Work Stories: Part Three: Pop!

Before I received a full time, permanent position at my current job, I briefly worked two part-time jobs at two different library systems. Working two part time jobs is more difficult than just working one full-time job because you have to juggle schedules and commutes. But since SFPL started hiring employees as permanent; I decided to work there again so I could finally have benefits.

Library interviews are typically frightening experiences. Usually there’s a long conference table with a row of interviewers facing you, as if it were a tribunal interrogation. The interviewers are instructed not to smile or nod in agreement to any responses. So for every question you see only blank stares and stone-like faces, it’s quite nerve wracking. The interview is also timed. I usually speed through the interview out of nervousness but the best thing to do is to take your time to respond, include relevant stories. Smiling despite the interviewer’s poker face and utilizing humor sometimes helps relieve the formality. One staff member confided that she sat in her car and cried afterwards, thinking that she didn’t get hired. It takes about a month or so to receive a job offer or a rejection.

My interview was especially awkward because I knew one of the panelists but I couldn’t remember his name. I’m notoriously terrible with names and a decade had passed since I left. We mutually recognized each other and smiled, it made the interview less intimidating. Returning to SFPL was like a class reunion. I contacted past coworker friends through email and caught up on life updates over lunch. It was sweet to feel welcomed back, like a homecoming. My coworker teased that I was SFPL’s prodigal daughter.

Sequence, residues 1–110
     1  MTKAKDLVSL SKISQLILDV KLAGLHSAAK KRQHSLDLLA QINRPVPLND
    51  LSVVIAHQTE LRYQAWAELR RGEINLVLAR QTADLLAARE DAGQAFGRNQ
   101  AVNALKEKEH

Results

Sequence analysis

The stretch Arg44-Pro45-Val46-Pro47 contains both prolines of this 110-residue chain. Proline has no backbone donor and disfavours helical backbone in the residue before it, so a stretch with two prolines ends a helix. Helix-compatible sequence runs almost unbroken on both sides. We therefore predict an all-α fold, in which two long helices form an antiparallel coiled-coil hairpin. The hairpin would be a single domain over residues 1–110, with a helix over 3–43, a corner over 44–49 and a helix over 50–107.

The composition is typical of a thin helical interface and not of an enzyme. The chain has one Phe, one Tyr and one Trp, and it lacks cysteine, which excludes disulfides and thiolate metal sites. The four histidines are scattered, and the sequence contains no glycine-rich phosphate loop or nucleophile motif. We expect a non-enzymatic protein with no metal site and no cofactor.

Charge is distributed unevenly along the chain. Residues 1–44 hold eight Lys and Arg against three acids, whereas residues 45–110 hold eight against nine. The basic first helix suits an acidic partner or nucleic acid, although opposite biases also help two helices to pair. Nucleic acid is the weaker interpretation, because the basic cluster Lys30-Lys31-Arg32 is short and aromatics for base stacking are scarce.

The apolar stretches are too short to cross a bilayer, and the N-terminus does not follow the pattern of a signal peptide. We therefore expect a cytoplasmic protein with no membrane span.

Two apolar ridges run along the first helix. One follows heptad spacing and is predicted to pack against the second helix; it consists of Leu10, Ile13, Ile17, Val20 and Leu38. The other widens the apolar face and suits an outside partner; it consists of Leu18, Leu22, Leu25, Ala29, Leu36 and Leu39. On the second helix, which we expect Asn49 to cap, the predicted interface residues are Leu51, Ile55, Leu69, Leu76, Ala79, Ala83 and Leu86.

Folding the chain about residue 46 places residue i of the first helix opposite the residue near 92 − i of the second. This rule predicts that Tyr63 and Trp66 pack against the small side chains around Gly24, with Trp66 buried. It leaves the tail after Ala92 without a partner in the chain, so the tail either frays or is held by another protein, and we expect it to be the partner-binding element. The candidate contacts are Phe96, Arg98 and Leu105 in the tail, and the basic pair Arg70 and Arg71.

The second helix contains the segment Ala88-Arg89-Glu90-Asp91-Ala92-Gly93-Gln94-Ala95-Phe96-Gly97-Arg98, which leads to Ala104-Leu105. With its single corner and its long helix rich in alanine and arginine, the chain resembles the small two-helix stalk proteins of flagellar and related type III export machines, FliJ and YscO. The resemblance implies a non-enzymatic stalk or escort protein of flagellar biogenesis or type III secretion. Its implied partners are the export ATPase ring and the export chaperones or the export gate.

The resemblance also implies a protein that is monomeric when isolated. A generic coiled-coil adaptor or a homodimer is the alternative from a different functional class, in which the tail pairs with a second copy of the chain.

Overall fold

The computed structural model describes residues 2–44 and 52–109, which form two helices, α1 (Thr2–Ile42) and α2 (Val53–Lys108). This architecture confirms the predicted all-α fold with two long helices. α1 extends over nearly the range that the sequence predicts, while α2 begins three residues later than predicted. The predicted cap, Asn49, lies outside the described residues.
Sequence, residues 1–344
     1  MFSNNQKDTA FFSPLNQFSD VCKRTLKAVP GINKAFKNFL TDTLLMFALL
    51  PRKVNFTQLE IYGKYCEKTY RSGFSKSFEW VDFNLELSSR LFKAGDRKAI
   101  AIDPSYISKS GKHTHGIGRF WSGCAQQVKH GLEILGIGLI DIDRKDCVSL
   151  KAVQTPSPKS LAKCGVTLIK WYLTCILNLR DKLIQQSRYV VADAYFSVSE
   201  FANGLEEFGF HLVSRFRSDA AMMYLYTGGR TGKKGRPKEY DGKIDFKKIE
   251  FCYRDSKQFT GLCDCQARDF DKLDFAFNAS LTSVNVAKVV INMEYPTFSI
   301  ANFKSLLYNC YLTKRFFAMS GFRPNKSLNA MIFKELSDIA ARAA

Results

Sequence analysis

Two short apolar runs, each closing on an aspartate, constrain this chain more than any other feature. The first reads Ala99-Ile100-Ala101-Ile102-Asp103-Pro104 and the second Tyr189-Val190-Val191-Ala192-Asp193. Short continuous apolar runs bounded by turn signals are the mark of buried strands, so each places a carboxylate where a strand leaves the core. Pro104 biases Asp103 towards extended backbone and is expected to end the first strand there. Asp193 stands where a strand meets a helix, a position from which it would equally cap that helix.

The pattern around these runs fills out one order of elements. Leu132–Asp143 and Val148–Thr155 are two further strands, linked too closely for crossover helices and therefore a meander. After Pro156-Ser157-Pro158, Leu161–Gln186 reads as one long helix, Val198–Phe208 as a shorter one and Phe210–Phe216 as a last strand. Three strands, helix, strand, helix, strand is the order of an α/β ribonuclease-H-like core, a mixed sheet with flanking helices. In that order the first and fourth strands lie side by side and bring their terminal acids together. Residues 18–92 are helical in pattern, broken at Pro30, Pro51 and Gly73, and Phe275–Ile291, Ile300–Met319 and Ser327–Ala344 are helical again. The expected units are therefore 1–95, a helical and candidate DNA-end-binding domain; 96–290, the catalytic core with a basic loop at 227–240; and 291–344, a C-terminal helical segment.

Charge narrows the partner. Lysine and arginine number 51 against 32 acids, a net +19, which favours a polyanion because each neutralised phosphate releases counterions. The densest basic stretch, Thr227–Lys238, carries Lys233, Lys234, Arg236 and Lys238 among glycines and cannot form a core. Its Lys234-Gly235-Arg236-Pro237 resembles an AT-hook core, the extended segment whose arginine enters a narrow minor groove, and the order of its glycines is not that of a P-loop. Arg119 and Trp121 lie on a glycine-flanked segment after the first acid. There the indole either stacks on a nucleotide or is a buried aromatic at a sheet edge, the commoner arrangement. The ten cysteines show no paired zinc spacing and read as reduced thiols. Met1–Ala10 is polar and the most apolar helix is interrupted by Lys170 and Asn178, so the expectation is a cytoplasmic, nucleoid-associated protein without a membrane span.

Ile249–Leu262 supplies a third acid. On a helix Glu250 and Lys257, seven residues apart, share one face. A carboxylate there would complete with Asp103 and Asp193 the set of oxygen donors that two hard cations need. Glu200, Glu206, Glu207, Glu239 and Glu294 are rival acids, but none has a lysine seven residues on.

During my first week back, I was at the circulation desk when a distraught, middle-aged woman approached me. She whispered, “I’m using the computer over there, and the man sitting beside me is saying crazy things! He’s saying that he’s going to poop in his chair!”

“Oh no! Thanks for informing me!” I said and I hurriedly told my coworker, “A patron said a man sitting at the computer is saying he’s going to defecate!”

We both rushed to the computer area and saw a gruff looking, bearded, middle aged man. He looked like a combination of an ex-surfer, ex-lumberjack and an ex-UC Berkeley professor, covered in years of homelessness. He was extremely focused, typing furiously away on the keyboard.

“Is everything ok?” my coworker asked the man.

“Yup, fine,” the man said, then added, “Pop!”. while he continued typing rapidly. He was typing lines of seemingly random letters, without spaces or punctuation. He repeated, “Pop!” several times again.

“Thank you.”. “Everything’s ok.” my colleague said to me. “The patron isn’t going to do anything. He’s a regular. He’s here everyday to use the computers. He has Tourette’s Syndrome but he doesn’t bother anyone. He’s saying, Pop not Poop!”

His pop was like” I am groot.” It meant everything. Jujus, my niece said that for all words with intonation. The roots of language are universal.

4 Comments

  1. Glad the interview went well.

    That gentleman with Tourette’s Syndrome reminds me of some of the people I encountered in the Public Library when I arrived in Calgary in 2016.

    Those whose lives took a turn and found themselves homeless.

    Like

    1. Hi Jeff, I was inspired to write this by your previous writing prompt but was worried that you wouldn’t like it. I’m glad you’re not offended.

      The patron had a rock star quality, I wondered what his back story was. After awhile his “Pop” was a part of the library. When he wasn’t there the place seemed almost too quiet.

      Liked by 1 person

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